For residential pool owners, having a safety system in place can protect the wellbeing of your family, neighbors, and friends when in and around water. The greatest water safety assurance comes from adopting and establishing the right set of water safety measures since you never know what step will save a life.
CPSC’s Pool Safely site has many helpful water safety resources and materials such as brochures, videos, tip sheets for parents and guardians to review. I highly recommend that pool owners apply multiple safety measures found in these resources to safeguard children and prevent drowning accidents, starting with:
It is very important that an adult be present at all times when a child is in and around water. A good idea is to have the “Water Watcher” wear a whistle or tag to remind themselves that they are responsible for the safety of kids in the water. Parents and guardians can also enforce some household pool rules and remind children to never swim alone or without an adult present. Some great examples of other pool rules include:
- No bottles or glass around the pool
- No running or pushing
- No diving unless the pool meets the safety standards
- Stay away from pool drains
An outdoor swimming pool barrier is a physical obstacle that surrounds a pool or spa area. This restricts small children from accessing the area without an adult present. Pool fences should be at least four feet or taller. It should not have footholds or handholds that could help a child climb over it. Fence gates should also be self-closing, self-latching to keep it closed at all times and prevent easy access to the pool.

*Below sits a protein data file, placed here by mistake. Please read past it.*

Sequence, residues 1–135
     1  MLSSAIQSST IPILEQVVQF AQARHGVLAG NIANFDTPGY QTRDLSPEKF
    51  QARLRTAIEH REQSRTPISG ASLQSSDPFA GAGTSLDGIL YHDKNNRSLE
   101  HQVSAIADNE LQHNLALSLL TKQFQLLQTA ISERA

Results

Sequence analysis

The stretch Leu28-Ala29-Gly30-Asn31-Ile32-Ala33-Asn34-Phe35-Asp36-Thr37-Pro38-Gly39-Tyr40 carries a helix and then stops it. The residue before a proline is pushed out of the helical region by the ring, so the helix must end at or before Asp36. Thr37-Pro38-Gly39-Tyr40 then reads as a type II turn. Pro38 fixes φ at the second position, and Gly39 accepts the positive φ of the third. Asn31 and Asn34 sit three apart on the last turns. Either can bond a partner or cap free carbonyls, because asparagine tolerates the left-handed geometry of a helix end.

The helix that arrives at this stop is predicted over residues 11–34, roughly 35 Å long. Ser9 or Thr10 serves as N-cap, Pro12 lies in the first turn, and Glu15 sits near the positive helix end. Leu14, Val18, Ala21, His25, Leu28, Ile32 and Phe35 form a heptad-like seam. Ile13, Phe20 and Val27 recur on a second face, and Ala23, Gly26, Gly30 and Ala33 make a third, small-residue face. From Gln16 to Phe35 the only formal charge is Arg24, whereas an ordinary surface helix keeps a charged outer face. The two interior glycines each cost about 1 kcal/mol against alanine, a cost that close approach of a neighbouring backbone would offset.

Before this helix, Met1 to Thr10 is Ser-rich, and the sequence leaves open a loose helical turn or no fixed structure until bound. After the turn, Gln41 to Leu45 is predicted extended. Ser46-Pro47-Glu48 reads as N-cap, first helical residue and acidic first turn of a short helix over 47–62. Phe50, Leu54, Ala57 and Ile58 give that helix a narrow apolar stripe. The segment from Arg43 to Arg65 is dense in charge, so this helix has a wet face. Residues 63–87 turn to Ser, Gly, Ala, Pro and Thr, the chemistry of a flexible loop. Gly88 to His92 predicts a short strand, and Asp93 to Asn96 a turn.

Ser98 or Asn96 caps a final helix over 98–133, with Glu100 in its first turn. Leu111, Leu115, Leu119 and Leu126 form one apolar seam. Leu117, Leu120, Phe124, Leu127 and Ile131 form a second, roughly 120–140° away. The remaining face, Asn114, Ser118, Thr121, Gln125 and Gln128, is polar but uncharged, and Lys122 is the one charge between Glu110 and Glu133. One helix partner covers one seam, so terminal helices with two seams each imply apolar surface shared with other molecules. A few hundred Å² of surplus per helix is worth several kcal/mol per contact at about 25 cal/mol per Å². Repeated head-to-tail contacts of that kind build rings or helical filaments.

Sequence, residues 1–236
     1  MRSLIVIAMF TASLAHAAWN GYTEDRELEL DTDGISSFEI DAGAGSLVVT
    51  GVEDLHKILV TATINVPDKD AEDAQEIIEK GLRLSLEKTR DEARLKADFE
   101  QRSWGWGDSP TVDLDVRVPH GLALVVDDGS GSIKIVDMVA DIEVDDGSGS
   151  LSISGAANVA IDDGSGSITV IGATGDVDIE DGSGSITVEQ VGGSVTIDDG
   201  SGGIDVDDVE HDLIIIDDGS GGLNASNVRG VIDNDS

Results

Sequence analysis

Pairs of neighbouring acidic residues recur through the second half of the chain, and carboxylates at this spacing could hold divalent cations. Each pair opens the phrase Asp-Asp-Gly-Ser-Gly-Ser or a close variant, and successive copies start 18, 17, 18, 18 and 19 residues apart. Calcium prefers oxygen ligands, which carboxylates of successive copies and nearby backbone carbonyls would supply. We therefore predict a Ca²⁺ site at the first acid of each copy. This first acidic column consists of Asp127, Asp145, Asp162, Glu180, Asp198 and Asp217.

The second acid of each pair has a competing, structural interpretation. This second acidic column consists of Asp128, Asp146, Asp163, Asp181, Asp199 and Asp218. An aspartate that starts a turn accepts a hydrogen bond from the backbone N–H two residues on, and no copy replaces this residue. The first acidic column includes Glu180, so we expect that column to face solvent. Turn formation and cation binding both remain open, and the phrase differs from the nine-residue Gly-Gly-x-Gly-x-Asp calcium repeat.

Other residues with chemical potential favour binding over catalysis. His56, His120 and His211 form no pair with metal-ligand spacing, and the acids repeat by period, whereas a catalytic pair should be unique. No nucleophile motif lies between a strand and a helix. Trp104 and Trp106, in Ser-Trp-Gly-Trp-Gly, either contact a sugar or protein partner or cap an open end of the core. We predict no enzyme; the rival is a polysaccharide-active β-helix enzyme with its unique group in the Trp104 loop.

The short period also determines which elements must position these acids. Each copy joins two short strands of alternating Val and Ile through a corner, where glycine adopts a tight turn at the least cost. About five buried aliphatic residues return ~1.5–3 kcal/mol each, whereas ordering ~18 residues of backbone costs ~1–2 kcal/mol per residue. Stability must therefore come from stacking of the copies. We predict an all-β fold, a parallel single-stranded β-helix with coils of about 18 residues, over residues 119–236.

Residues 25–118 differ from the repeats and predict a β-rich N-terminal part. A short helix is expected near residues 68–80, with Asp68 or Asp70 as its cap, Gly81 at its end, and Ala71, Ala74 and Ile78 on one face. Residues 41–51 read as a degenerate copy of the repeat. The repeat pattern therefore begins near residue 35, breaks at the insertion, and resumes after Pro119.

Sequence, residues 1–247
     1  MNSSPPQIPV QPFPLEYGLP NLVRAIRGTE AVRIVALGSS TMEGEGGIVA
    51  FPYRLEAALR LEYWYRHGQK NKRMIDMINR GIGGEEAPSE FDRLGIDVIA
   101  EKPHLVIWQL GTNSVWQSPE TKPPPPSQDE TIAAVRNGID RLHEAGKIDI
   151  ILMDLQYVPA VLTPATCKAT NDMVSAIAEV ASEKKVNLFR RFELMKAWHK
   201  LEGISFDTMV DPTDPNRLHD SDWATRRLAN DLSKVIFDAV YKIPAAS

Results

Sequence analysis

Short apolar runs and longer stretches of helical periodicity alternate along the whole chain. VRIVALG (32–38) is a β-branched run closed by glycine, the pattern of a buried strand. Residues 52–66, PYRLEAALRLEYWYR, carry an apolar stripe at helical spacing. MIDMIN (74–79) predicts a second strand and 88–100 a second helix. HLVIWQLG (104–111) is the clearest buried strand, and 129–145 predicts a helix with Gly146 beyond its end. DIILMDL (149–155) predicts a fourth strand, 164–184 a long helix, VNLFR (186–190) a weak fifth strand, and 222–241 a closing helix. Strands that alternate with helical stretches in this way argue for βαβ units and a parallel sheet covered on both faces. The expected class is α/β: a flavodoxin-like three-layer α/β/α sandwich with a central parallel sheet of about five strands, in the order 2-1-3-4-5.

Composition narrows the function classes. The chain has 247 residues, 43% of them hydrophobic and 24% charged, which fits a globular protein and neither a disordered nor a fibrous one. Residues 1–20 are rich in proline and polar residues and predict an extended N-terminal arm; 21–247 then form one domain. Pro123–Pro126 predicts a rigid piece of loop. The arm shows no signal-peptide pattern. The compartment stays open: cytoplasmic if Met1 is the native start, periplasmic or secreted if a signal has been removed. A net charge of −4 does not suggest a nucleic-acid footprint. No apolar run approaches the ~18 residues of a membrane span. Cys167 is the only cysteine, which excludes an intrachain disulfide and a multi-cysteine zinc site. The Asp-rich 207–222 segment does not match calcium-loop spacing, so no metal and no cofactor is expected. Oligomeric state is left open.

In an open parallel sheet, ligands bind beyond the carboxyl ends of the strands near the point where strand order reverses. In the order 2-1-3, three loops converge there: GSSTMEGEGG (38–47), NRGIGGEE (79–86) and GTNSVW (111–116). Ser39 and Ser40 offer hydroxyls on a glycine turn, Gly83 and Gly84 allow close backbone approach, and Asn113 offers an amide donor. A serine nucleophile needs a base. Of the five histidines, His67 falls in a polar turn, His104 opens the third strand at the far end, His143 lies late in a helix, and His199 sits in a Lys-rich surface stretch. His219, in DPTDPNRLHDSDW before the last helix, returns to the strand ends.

Alarms for doors, gates, windows, pools and spas help notify adults anytime an unsupervised child is in or around water. There are a number of types of alarms that can be used in and around a pool area, but generally they should emit a sound when triggered for at least 30 seconds or more and within 7 seconds after activation. The alarm sound should be distinct from other sounds around the house such as a doorbell, telephone, and smoke alarm.
A pool cover is a manual or motorized barrier that can be placed over the water’s surface. Pool covers are a great addition to a safety system because it visually says “not open”. It’s especially effective for keeping children under the age of 5 from accessing the water. All safety covers should comply with the ASTM F 1346-91 specifications – this is the standard that specifies safety performance requirements for pool covers. Pool covers should be able to hold the weight of two adults and a child to allow a rescue if a child does fall onto the cover. Most importantly, pool covers should be able to be easily and swiftly be removed from the water to respond to emergencies.
A safety toolkit is a great way to prepare materials your family may need in the event of an emergency. Place the following materials near the pool area for easy and quick access:
- First aid kit
- A pair of scissors to cut hair, clothing, or a pool cover if needed
- Charged portable phone to call 911
- Safety flotation device
Ensuring that every family member learns how to swim is the strongest way of preventing accidents. Children as young as six months old can be enrolled in an Infant Aquatic Survival class were they could learn to flip over, float, and take breaths until help arrives. In addition, learning how to perform CPR on children and adults can be invaluable during an emergency.
No single safety system is foolproof, that’s why it’s highly recommended that several measures be put in place in every safety system! If you have any questions about pool safety, please contact me or visit www.PoolSafely.gov.
If you have any questions about the Infant Aquatic Survival program at Texas Swim Academy, please visit our programs page or stop by our facility.